A decade later the CIA crafted an incisive analysis of a faltering Canadian economy for the U.S. trade representative.
"With a domestic market about the size of California's, Canada is sensitive about living in the U.S. economic shadow," says the January 1982 assessment, which explored Liberal government efforts to bolster Canadian control of key sectors, including energy and technology.
"Politically, Trudeau frequently appears torn between the urge to play leader of the Third World and the desire to hold his own with the industrial giants. Economically, however, he clearly wants Canada to jettison its Third World image."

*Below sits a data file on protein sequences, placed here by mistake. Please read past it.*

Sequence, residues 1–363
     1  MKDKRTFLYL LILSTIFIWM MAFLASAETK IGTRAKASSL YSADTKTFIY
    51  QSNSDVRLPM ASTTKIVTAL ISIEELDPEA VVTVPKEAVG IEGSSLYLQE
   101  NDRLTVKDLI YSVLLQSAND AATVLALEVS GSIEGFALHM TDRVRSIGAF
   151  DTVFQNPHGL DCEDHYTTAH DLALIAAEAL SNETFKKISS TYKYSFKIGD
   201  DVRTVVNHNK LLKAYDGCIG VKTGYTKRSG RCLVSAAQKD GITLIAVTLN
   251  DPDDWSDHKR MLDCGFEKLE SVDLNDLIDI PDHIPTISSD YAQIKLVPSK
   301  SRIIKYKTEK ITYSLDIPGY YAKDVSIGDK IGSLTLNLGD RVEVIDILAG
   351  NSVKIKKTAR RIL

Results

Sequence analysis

Canada would never have been a principal target of U.S. intelligence collection efforts, but clearly turned up on the American radar screen from time to time, said Wesley Wark, a University of Toronto history professor who took part in an April conference on the history of the CIA and its place in politics and culture.
A February 1974 CIA memo, assembled using "sensitive intelligence sources and methods," warned that a ferrous metals shortage in Canada triggered by U.S. export controls could lead to political problems.
The document illustrates that the Americans will sometimes use clandestine methods "to find out things about Canada that they want to know," said Wark.
The CIA took considerable interest in Canada's mineral industries, producing a May 1972 study that weighed trends and implications, concluding the country was in excellent position to further its position as the world's leading mineral exporter. However, Canada would continue to rely on U.S. markets and long-term capital.